Classic Motorcycle

How to Maintain a Classic Motorcycle Battery


 – Focus on the motorcycle battery

 – Step 1: Access the battery

 – Step 2: Remove the battery

 – Step 3: Clean the terminals

 – Step 4: Use a booster

 – Step 5: Recondition your battery

 – Step 6: Check the voltage

 The battery stores and redistributes the electricity supplied by the alternator, which is necessary for your motorcycle to start, and also to operate all the elements consuming electricity, such as lighting and electronics.

 Sensitive to wear and tear and to the cold, it should be preserved, recharged if necessary, and sometimes replaced. Your battery may be discharged, worn out, or out of order.

 Here is how to maintain your battery.

 Focus on the motorcycle battery

 Two types of batteries are generally used on motorcycles. Maintenance and maintenance-free are the main characteristics that differentiate them, but it should be noted that the first type of battery is becoming increasingly rare. They are transparent; two indicators (minimum and maximum) allow you to check the level (see below). For maintenance-free batteries, as the name suggests, there is little or nothing to do. Being sealed, only the intervention of a specific battery charger with a maintenance function can increase its life.

 If there are several types of batteries, the functioning and the constitution are equivalent. The battery must deliver volts and amperes.

 – The voltage is used for lighting, an alarm, etc.

 – The amperes are used for starting.

 The capacity of a battery is thus expressed in ampere-hours. For example, for 12 Ah, the battery can deliver 12 amps in one hour.

 There are three problems related to charging, and they are not irreparable:

 1. Sulfation: Letting a battery discharge creates lead sulfate crystals that accumulate on the plates. Because of this layer on the lead plates, the battery loses efficiency.

 2. Stratification: When a (calcium) battery is discharged by half, layers are created inside the battery with acid on one side and water on the other.

 3. Desiccation: if you ever charge your battery with a higher voltage than its own, it goes into overload and sees its water evaporate. As a result, the plates are no longer bathed in a homogeneous liquid, which alters the functioning of your battery.

Good to know: A wide range of services are available at the Classic & Vintage Motorcycle Garage, a workshop specialising in classic, vintage, and antique motorcycles.

 1. Access the battery

Classic Motorcycle

 In all the cases mentioned above, you need to access the battery. Usually located under the seat, the battery is sometimes covered with a plastic cover. More rarely, the battery is sometimes housed in the side panels of the fairing, engine cover, or between the fuel tank and the air box.

 Refer to your motorcycle’s service manual to locate the battery compartment, and remove items such as the seat and covers to gain access.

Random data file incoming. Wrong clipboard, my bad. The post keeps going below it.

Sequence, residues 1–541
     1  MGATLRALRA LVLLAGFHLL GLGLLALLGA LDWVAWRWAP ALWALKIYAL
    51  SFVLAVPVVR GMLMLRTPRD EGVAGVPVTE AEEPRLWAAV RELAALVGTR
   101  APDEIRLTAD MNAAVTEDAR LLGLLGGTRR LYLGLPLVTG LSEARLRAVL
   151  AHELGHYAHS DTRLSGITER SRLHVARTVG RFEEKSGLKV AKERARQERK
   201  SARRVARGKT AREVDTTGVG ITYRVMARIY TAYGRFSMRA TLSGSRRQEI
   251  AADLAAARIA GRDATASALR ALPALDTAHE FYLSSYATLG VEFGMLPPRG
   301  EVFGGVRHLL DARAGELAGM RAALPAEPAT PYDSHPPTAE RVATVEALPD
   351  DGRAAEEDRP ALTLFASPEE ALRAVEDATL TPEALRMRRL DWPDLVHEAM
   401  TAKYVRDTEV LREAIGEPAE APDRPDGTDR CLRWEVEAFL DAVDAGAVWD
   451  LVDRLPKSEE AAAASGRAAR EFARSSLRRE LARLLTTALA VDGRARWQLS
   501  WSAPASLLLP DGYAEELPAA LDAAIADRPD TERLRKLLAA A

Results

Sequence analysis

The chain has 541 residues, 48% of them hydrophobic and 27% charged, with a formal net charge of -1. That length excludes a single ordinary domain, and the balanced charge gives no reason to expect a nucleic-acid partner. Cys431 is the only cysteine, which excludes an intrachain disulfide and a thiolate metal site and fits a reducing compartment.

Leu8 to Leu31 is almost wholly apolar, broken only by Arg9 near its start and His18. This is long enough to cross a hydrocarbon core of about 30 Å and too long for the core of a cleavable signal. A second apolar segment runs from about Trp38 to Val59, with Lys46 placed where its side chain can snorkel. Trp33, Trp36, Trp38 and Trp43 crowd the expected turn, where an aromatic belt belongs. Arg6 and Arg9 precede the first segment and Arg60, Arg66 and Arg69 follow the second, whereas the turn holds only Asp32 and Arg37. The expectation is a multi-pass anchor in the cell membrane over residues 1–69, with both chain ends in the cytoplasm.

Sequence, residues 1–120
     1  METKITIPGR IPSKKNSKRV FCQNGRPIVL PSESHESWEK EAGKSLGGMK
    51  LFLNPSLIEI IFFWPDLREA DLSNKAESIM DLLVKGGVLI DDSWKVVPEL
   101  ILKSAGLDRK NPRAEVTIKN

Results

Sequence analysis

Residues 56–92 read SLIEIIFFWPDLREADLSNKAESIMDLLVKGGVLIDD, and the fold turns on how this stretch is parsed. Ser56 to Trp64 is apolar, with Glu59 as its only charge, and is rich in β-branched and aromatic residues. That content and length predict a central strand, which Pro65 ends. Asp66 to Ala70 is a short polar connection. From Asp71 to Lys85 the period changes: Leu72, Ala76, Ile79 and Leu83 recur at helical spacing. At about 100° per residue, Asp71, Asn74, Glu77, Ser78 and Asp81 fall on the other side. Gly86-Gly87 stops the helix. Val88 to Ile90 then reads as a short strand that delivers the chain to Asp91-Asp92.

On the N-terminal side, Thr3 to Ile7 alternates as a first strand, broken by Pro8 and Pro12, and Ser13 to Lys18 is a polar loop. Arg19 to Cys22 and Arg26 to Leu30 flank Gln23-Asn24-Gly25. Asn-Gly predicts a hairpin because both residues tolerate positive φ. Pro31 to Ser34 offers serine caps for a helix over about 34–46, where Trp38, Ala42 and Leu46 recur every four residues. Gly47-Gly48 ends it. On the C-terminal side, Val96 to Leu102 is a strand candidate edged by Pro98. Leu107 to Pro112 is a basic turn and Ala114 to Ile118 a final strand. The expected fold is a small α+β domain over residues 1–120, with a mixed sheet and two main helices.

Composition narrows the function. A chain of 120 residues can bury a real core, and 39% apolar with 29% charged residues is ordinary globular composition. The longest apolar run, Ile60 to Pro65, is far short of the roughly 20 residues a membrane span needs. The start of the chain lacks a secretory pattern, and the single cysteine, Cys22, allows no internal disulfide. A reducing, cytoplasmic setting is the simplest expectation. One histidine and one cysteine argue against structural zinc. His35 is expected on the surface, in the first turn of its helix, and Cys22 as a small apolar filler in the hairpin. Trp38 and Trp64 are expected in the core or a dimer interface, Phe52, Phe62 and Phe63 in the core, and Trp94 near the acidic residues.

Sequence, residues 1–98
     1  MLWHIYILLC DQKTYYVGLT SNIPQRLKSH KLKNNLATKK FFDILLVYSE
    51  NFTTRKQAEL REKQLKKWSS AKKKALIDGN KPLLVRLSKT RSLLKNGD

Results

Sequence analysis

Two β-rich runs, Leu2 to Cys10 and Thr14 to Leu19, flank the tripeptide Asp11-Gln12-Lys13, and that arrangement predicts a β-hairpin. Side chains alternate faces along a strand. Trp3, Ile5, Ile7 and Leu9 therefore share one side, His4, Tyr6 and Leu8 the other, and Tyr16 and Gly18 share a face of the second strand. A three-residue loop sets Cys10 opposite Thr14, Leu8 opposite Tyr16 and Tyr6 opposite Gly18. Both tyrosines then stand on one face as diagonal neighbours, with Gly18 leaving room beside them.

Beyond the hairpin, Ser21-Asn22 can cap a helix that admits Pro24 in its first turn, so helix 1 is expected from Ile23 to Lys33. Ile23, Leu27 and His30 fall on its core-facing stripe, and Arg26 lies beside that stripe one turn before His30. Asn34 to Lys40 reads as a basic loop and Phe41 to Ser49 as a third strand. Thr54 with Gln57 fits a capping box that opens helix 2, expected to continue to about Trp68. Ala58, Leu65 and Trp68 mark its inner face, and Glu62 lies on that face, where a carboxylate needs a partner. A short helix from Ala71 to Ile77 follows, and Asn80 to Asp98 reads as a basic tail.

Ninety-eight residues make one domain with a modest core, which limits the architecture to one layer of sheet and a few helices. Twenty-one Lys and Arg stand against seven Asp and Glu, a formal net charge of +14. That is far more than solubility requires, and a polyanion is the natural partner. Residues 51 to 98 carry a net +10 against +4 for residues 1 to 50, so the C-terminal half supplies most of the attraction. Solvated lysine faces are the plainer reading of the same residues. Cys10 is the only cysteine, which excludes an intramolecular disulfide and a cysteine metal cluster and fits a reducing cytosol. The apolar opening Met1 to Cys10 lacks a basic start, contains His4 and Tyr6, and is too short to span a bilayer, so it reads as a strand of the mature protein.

2. Remove the battery

 – Using the open-end wrench (or pipe wrench), remove the screws that connect the battery terminals to the wiring.

 – Sometimes, an elastic-plastic strap holds the battery, so you must remove it.

 – Remove the battery from its housing.

 – Place your battery on a dry work surface.

 3. Clean the terminals

 – Using the open-end wrench (or socket wrench), remove the screws that connect the battery terminals to the wiring.

 – Using the wire brush, scrub the battery terminals to remove any oxidation and restore a good connection.

 – For unsealed batteries, check the level:

 ◦ If it is too low, unscrew the caps and top up the level with demineralised water using the funnel.

 ◦ Be careful not to overflow because the acid in the battery would then attack the parts surrounding the battery.

 – Reinstall the battery and reconnect the terminals. See if the power has returned. If not, go to step 4.

 4. Use a booster

Classic Motorcycle

 Some chargers have a booster function, or you may have a separate booster system. You can use it to give your battery a boost. If you don’t have one of these, proceed to step 5.

 – Connect the system directly to the battery terminals on your motorcycle.

 – Activate the system and start your bike.

 Good to know: you should usually ride away within a few minutes to recharge the battery. If, when you return, the motorcycle does not start again, the problem is more important than a simple discharge.

 5. Recondition your battery

 – Using your battery charger, perform a battery cleaning and charging program.

 – Position the charger’s clamps on the battery’s terminals.

 – Plug the charger into the mains.

 – Turn on the system (this may take several hours).

 – At the end of this program, check the condition of your battery to see if it is holding a charge. If not, change your battery.

 Attention: your used battery must be disposed of at a waste disposal centre to be recycled.

 6. Check the voltage

 If your new battery discharges, it may be due to the charging circuit or the alternator:

 – Check the voltage at the battery terminals with a multimeter. The voltage should be 12 V when the engine is off and should increase once the engine is started.

 – If the battery reading is good but discharges often, the problem is probably with the alternator.

 Good to know: if you store your motorcycle for the winter, don’t forget to connect your battery to a charger with a “winter” function. For all pre late ’80s makes and models of motorcycles, Classic & Vintage Motorcycle Garage can repair, restore, recommission and maintain your classic motorcycles.

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